Consider, for example, an occasional lender that holds unsecured business debts (as capital assets) and accepts partial payment in complete satisfaction of the debt. How should the lender treat the unpaid balance? Under a Section 166 construct, one can argue that the debt extinguishment should be viewed as two distinct events: a dollar-for-dollar partial satisfaction of the debt followed by forgiveness of the remaining balance on the basis of worthlessness. This approach is easier to rationalize for recourse debts where the creditor still has a legal claim against the debtor for any deficiency. Whether debt is secured or unsecured, any uncollected balance would need to meet the requirements of Section 166 for an ordinary bad debt deduction. Under Section 1271(a)(1), however, the transaction would likely be viewed as an integrated transaction whereby the debt was sold or exchanged for partial payment. The character of loss attributable to the unpaid amount would depend on the asset’s character in the hands of the lender.
The Judicial Perspectives
The dearth of case law addressing the interplay of Sections 166 and 1271(a)(1) further clouds any tax analysis. The Supreme Court addressed the issue in 1941 in McClain v. Commissioner,5where the taxpayer surrendered debt instruments held as capital assets for less than full payment. The Court held that the settlements constituted retirements within the meaning of Section 117(f), the predecessor to Section 1271(a)(1). As a result, the ordinary loss deductions claimed were ultimately disallowed. The Court held “it is plain that Congress intended … to take out of the bad debt provision certain transactions and to place them in the category of capital gains and losses.”6 This holding was particularly disturbing for the taxpayer, who received a consideration of five dollars for each $1,000 debenture. The taxpayer argued that had he simply refused the consideration offered as part of the bankruptcy reorganization plan, the entire amount could have been charged off as a bad debt. The Court was not moved by this argument and simply opined that the statute must be applied as it is stated, leaving to Congress the responsibility to correct any inconsistencies and inequalities in the statutes.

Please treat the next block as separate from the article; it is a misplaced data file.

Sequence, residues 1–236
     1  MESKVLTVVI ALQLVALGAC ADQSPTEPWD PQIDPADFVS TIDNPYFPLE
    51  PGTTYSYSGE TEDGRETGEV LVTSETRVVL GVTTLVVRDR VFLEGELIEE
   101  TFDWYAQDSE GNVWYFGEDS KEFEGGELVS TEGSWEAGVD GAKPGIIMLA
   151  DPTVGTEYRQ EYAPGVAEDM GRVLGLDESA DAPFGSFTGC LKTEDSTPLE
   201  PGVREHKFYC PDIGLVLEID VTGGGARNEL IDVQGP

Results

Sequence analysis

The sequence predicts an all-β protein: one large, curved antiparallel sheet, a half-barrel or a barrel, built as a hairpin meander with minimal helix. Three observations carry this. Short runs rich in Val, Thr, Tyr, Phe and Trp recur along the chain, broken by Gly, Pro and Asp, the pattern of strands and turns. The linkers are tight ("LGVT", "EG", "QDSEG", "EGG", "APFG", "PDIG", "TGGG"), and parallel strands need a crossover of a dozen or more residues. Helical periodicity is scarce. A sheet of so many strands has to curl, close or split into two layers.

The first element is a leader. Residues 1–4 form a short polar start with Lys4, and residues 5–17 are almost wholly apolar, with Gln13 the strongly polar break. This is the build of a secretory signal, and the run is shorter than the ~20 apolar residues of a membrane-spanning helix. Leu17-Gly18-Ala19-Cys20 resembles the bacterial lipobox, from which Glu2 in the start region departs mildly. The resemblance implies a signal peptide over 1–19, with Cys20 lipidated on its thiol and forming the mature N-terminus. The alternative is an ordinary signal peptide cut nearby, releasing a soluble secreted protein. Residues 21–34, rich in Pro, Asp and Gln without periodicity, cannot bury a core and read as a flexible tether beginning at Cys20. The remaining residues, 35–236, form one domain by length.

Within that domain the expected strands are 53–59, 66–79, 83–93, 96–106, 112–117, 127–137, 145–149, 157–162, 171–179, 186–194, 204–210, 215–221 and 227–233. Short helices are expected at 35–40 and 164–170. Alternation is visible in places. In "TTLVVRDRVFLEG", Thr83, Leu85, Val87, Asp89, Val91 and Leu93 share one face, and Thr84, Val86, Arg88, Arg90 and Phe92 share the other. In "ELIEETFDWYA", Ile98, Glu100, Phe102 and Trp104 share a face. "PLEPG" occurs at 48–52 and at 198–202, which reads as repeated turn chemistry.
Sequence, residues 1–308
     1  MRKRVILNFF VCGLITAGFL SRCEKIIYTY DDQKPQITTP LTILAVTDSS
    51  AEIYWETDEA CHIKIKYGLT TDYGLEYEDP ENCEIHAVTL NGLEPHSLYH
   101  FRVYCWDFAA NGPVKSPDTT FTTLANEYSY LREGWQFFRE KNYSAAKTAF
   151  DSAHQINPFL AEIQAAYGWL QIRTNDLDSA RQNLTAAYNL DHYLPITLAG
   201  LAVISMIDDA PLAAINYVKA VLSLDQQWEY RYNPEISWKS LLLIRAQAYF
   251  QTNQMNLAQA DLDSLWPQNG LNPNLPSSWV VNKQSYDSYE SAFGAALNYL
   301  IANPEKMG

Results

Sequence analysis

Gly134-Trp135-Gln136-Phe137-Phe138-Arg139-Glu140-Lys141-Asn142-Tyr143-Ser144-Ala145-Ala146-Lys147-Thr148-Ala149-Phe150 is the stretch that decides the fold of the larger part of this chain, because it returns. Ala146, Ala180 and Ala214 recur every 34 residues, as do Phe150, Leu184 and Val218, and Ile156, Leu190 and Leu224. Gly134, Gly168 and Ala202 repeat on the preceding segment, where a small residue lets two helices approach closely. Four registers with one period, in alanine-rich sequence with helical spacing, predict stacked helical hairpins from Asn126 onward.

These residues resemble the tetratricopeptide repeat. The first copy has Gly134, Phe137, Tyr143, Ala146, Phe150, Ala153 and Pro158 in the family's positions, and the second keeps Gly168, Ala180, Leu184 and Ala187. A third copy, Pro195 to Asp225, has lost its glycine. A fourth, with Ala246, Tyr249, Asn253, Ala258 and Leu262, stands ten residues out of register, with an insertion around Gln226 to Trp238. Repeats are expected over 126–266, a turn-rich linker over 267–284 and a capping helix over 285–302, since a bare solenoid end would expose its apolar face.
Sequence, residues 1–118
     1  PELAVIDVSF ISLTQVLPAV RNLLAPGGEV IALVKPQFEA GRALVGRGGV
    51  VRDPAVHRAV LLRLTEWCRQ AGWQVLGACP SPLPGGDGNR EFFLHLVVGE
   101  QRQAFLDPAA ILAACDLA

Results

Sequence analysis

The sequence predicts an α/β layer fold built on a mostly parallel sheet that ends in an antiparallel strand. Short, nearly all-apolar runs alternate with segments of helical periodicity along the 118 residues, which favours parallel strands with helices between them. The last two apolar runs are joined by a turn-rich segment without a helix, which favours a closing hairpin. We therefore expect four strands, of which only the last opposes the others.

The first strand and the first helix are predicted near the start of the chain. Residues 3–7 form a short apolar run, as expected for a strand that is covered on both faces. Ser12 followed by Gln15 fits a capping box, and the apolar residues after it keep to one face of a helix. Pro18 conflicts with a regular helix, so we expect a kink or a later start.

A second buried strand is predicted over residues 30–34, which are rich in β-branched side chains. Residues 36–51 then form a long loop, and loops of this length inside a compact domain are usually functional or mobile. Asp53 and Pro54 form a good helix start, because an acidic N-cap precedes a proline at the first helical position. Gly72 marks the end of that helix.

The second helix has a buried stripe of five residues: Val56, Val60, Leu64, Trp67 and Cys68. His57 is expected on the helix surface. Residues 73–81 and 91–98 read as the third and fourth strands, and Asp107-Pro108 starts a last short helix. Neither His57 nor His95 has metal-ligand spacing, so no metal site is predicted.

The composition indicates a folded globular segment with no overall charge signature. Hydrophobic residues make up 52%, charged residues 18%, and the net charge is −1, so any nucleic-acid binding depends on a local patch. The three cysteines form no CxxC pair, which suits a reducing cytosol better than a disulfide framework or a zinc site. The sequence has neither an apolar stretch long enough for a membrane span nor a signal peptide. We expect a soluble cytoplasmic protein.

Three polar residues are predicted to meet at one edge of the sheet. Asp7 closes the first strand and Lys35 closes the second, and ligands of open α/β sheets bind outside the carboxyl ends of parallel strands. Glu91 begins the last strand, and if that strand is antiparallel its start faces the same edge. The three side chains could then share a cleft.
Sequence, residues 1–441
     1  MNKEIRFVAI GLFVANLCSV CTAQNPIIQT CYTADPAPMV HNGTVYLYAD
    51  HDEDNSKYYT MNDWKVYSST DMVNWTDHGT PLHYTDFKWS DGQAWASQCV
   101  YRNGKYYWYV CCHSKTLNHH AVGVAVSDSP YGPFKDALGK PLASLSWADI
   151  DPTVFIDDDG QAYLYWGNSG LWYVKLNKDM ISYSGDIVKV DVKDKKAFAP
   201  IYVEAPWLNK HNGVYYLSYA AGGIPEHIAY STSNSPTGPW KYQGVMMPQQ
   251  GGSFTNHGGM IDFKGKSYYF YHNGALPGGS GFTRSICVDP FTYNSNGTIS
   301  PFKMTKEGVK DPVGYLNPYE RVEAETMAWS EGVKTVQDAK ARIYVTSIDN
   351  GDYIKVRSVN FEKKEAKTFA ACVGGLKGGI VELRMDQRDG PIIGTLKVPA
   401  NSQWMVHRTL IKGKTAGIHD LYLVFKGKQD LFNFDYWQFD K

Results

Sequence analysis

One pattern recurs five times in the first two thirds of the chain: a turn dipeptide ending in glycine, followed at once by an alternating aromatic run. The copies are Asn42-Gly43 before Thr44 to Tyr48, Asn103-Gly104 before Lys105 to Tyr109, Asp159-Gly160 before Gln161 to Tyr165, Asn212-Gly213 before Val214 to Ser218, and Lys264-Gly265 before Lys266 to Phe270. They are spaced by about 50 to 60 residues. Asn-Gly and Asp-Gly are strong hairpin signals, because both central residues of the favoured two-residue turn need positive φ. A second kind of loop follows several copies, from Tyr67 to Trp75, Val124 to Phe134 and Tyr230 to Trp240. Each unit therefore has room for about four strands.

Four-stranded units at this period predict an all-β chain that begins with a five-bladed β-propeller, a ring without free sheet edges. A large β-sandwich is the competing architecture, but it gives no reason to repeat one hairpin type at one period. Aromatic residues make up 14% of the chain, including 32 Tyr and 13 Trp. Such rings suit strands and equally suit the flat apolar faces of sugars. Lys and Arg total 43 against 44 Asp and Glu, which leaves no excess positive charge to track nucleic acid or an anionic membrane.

More recently in 2011, the negotiated debt settlement issue was addressed in Dagres v. Commissioner7. In this case, the Tax Court held that a venture capitalist was permitted an ordinary bad debt deduction when debt was settled for less than its principal. The Service challenged the ordinary deduction on the basis that the debt was a nonbusiness debt (which would give rise to a capital loss), but did not raise Section 1271(a)(1). As a result, neither the court nor the government cited McClain. Even though the court held that the debt was a business debt, there were no facts indicating that the taxpayer was in the trade or business of lending or that the debt instrument was held as an ordinary asset.
When examining these two cases, we are left to infer their implications to resolve the overlap issue. Many believe that the McClain decision stands for the position that Section 1271(a)(1) trumps Section 166 in the case where a debt obligation is extinguished for less than full consideration. Meanwhile, it remains curious why the McClain decision has not been cited by a federal tax case (including Dagres) or IRS administrative pronouncement for over 30 years. Could this reflect a pivot by the government or an interpretation blunder that led to an oversight?
The Service’s Perspective
The Service has provided some level of guidance over the interplay of Sections 1271(a)(1) and 166, but the overlap issue is not addressed head on. As highlighted below, there are instances where one rule trumps the other, and vice versa, without robust explanations to reconcile the different outcomes.
Rev. Rul. 80-56:8 A REIT in the business of lending acquired collateral through a foreclosure process. The Service stated that the REIT was entitled to a bad debt deduction for the excess of the basis over the bid price of the property. The Service further stated that if the REIT had not been in the lending business (such that its loans were capital assets), a bad debt deduction would still be proper since the taxpayer acquired the collateral property through a foreclosure sale. Interestingly, the Service applied Reg. Sec. 1.166-6(b) (governing the sale or pledge of collateral property for less than the debt amount) to both situations, thereby sanctioning a bad debt deduction for a loss related to a capital asset. There is no mention of retirement in the analysis.
Rev. Rul. 80-57:9 A REIT in the business of lending accepted a deed in lieu of foreclosure as partial payment and extinguishment of a debt. Citing McClain, the Service stated that the transaction constituted a retirement that created an ordinary loss. The Service further stated that if the debt had been a capital asset, a capital loss would have resulted.